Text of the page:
Mr. Field: Again, I must be careful, as this matter relates to the other amendment in my name. However, it is possible that a stage could be reached when debts have been repaid and reserves accumulated. In those circumstances, the toll would not require a further increase until some time in the future, when additional revenue—over and above the amount previously achieved through tolls—would be needed.

Mrs. Curtis-Thomas: I am grateful to my right hon. Friend. However, issues of maintenance and health and

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safety in the tunnels have an impact on the bottom line of the Merseyside passenger transport authority's annual accounts. In light of that, my right hon. Friend and I will be a long time dead before we reach the circumstances that he describes in the amendment.

Stephen Hesford: If my hon. Friend is right and the situation that amendment No. 18 is designed to meet has not arisen in living memory and is unlikely to arise, what is the objection to the provision? The amendment is not mandatory but permissive. What is the harm in including it, in case—as my right hon. Friend the Member for Birkenhead (Mr. Field) argued so persuasively—such a situation were to arise?

Mrs. Curtis-Thomas: I thank my hon. Friend for that question, but we have to deal with reality. The authority—the promoters of the Bill—tried to envisage all possible scenarios, but that scenario is highly unlikely so it has not been considered.

I want to deal more fully with the amendment proposed by my right hon. Friend the Member for Birkenhead. It ignores one of the principles of the Bill, which is wrapped up in the RPI-related provisions—that the tunnels' tolls must be used as a means to manage further traffic levels. The first part of the amendment is unnecessary, given that the powers under section 92C—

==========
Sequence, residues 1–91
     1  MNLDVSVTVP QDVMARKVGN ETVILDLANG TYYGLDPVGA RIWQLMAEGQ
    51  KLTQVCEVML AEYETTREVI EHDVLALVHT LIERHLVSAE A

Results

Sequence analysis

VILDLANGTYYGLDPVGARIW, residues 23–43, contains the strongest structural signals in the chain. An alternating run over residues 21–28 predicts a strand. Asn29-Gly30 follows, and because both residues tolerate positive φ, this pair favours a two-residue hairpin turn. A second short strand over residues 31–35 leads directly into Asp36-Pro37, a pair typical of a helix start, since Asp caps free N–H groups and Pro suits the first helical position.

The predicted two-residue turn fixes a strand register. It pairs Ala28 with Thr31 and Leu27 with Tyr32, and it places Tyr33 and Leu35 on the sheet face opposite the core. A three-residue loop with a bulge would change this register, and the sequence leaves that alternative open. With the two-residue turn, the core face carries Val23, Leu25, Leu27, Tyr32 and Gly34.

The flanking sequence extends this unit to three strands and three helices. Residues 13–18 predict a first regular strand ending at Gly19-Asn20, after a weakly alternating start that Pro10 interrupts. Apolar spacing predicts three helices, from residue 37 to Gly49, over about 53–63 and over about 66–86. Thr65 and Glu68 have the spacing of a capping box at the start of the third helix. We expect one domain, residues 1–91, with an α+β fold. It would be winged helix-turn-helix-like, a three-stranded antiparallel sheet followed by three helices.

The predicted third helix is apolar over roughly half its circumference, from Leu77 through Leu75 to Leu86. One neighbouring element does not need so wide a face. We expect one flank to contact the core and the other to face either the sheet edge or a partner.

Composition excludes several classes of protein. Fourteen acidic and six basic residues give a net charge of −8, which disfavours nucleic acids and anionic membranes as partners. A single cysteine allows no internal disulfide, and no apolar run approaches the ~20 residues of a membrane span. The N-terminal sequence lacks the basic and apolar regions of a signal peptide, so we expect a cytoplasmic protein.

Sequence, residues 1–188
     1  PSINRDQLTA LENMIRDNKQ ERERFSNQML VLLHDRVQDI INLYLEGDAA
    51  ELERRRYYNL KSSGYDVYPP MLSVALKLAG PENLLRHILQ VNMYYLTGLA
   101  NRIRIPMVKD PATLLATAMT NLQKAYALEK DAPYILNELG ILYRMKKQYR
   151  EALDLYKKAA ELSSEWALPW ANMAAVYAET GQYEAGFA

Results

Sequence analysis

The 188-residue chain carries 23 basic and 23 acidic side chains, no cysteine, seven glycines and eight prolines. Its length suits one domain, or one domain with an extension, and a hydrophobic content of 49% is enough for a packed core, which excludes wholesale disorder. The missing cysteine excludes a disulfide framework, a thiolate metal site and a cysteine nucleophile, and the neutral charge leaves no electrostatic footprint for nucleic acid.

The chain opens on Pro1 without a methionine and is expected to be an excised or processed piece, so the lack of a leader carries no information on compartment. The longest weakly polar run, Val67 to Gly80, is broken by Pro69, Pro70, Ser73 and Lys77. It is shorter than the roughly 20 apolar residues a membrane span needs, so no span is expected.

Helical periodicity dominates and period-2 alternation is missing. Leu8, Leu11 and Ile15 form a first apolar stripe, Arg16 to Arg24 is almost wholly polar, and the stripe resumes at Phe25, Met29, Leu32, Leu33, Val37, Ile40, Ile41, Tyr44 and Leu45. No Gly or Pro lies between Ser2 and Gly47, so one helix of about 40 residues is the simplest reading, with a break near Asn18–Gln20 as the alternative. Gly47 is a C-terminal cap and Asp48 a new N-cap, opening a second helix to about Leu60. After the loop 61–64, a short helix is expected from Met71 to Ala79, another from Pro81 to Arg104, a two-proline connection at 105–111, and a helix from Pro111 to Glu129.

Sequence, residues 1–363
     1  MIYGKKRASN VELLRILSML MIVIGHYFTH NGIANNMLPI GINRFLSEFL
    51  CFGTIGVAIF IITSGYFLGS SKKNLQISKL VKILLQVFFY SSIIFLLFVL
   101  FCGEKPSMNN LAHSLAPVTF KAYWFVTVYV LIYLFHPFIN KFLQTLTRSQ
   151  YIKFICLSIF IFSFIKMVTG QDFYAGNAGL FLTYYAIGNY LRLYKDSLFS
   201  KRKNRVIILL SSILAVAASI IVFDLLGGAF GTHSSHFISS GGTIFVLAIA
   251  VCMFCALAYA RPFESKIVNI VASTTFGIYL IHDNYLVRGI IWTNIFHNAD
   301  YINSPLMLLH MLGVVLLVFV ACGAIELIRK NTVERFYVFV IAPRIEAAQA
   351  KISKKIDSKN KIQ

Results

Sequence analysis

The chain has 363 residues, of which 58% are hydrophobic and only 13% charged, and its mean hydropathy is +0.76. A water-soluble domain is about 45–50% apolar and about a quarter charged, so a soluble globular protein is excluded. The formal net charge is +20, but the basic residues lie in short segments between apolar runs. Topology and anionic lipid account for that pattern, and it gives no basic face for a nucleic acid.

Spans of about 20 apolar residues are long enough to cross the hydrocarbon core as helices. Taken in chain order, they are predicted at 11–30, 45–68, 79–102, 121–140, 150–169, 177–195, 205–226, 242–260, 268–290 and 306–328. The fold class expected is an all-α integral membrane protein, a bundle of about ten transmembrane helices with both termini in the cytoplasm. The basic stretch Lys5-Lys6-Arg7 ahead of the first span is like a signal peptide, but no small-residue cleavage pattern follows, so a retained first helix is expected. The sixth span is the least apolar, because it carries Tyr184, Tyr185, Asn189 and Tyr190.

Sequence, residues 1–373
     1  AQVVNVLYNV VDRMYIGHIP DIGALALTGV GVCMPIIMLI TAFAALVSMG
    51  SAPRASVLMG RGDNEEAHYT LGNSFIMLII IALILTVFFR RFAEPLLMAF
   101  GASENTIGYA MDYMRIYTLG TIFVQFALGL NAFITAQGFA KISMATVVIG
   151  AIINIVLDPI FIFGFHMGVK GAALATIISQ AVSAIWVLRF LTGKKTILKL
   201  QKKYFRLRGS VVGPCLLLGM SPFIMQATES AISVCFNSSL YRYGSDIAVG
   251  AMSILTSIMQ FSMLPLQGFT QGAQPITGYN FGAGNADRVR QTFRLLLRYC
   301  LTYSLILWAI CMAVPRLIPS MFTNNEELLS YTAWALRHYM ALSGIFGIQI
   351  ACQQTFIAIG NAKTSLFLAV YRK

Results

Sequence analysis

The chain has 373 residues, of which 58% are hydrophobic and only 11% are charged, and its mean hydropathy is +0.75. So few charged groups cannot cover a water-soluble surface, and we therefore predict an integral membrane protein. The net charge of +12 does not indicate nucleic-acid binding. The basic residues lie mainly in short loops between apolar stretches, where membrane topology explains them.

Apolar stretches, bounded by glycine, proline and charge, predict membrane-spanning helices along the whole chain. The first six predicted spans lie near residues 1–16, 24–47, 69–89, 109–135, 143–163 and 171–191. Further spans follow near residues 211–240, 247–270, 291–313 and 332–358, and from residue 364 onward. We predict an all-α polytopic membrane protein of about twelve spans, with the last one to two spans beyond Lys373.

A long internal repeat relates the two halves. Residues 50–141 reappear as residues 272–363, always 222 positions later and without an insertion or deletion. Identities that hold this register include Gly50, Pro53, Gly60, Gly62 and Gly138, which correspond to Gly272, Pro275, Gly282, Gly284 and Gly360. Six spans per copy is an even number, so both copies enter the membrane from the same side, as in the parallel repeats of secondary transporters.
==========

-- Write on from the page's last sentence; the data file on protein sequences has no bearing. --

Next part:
Mr. Chapman: Will my hon. Friend elucidate for the House how increasing the Mersey tunnels' tolls will control the flow of traffic?

Mrs. Curtis-Thomas: Given my hon. Friend's expert knowledge and the expert advice that he has received, it would ill become me to offer him an answer. I think that the answer lies in his hands.

Mr. Field: It seems that we are extending the Bill from a measure that would give authority to raise tolls to one that will control congestion. That is not in the Bill.

Mrs. Curtis-Thomas: I thank my right hon. Friend for that contribution but I must press on, as we have much more to do.

In conclusion, I have given substantial thought to the amendments and I do not agree with them. The Bill's provisions are acceptable and have been adequately debated.

Mr. Kilfoyle rose in his place and claimed to move, That the Question be now put.

Question put, That the Question be now put:—

The House divided: Ayes 172, Noes 70.